AS/COA Online - Peru's Humala Picks Moderates for Top Cabinet Posts

With a week to go before Ollanta Humala’s inauguration, some observers still wonder which way the next Peruvian president’s political winds will blow. Will the former military-officer-turned-nationalist politician follow the lead of Venezuela’s expropriating President Hugo Chávez or the more moderate ex-leader of Brazil Luiz Inácio Lula da Silva? For those seeking clues in Humala’s cabinet picks, he appears to not only opt for the second path but also follow in some of the same footsteps as current President Alan García. A day after Humala won the June 5 runoff vote, Peru’s stock market plunged 12.5 percent. But after Humala began making cabinet announcements this week, the Financial Times wrote of “renewed optimism over Peru’s investment climate.” Still, given the tumble Humala’s approval ratings have taken since the election, will the Peruvian public follow suit and support their new president after he takes office July 28?

Humala indicated the direction of his cabinet picks on July 17, when he decided to retain Central Bank head Julio Velarde for another five-year term. Bloomberg notes Velarde is credited with tripling Peru’s national reserves to $47 billion since his 2006 appointment. But the president-elect surprised onlookers July 20 when he selected the orthodox economist Luis Miguel Castilla as finance minister over the academic economists who counseled him during the election. The choice of Castilla, who served as deputy finance minister until Friday, is seen as another step to reassure investors and continue the country’s strong economic performance. A report released July 13 by the UN Economic Commission for Latin America and the Caribbean counted Peru among the region’s fastest-growing economies and forecast that the Andean country will see 7.1 percent GDP growth for 2011.

Salomon Lerner, the choice for prime minister and leader of the next cabinet, represents another moderate choice. The millionaire ran Humala’s campaign, helping him remake his image from the vocal critic of free-market economics who lost the 2006 election to the centrist victor who underwent “lulanización” in 2011, as Peruvian daily La Republica put it.

Humala announced the other key cabinet posts of foreign and energy ministers on Thursday. He selected Rafael Roncagliolo—a former journalist and founder of electoral-monitoring agency Transparencia, to head the Ministry of Foreign Relations. But Carlos Herrera Descalzi, nominated for energy and mines minister, may find himself holding a more difficult position. Peru has experienced repeated and at times violent mining protests over issues such as environmental concerns and revenue allocation. Humala also announced plans for a new windfall tax on mining profits, meaning Herrera will be tasked with reassuring investors that the sector remains competitive.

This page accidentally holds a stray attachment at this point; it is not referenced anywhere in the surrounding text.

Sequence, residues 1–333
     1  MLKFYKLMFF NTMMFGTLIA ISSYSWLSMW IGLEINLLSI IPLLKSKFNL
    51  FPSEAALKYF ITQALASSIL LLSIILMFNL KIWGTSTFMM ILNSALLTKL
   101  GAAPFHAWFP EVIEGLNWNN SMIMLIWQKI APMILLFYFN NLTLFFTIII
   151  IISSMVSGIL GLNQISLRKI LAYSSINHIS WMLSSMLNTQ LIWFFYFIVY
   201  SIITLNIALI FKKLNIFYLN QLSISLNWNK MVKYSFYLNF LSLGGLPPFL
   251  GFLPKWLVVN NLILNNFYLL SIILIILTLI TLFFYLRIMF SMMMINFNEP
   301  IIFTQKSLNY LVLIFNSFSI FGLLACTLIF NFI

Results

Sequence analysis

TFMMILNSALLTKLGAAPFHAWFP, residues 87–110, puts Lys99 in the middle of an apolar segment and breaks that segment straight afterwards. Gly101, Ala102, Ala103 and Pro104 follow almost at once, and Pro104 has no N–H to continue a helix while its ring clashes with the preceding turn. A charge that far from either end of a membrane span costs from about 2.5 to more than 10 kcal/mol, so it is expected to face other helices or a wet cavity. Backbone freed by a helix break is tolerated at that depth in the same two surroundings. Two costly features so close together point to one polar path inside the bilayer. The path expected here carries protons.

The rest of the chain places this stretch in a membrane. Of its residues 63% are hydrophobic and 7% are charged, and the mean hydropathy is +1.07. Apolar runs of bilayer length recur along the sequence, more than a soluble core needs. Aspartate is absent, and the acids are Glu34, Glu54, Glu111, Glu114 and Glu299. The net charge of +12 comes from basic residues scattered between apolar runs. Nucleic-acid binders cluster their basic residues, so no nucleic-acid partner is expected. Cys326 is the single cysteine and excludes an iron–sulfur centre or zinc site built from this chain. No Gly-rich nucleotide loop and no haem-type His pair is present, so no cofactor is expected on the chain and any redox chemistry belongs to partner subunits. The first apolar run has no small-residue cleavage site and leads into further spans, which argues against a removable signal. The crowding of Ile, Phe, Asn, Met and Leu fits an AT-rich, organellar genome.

But even as Humala’s cabinet picks show growing market confidence in the next president, it remains to be seen whether he can hold on to the confidence of the general public. During his tenure, García’s approval rating suffered because, despite declining poverty rates, the benefits of burgeoning economic growth fell short of reaching Peru’s rural poor. The next president’s cabinet picks demonstrate continuity but could also spark opposition. Velarde, the Central Bank pick, opposes a proposal by Humala’s Gana Peru coalition to raise the minimum wage by over 20 percent. On Thursday, Humala appeared to be trying to calm public nerves over the cabinet nominations, tweeting: “I ask the Peruvian people to have confidence; the cabinet represents all of Peru.” Moreover, Humala’s brother Alexis caused a recent scandal when he traveled to Russia seeking deals with Gazprom. The president-elect said the trip was not official, but Moscow disagreed. As a result, the 70 percent approval rating that Humala achieved after winning the election fell to 41 percent this week. As The Economist reports, Humala may have found “that his honeymoon with Peruvian voters is over even before his term has begun.”

Learn more:

  • President-elect Ollanta Humala’s website.
  • Reuters Factbox offers a “who’s who” in Humala’s cabinet.
  • El Comercio profiles a number of Humala’s cabinet appointments.
  • Get updates about cabinet appointees via the Twitter feeds of Gana Perú (@ganaperu) and Ollanta Humala (@Ollanta_HumalaT).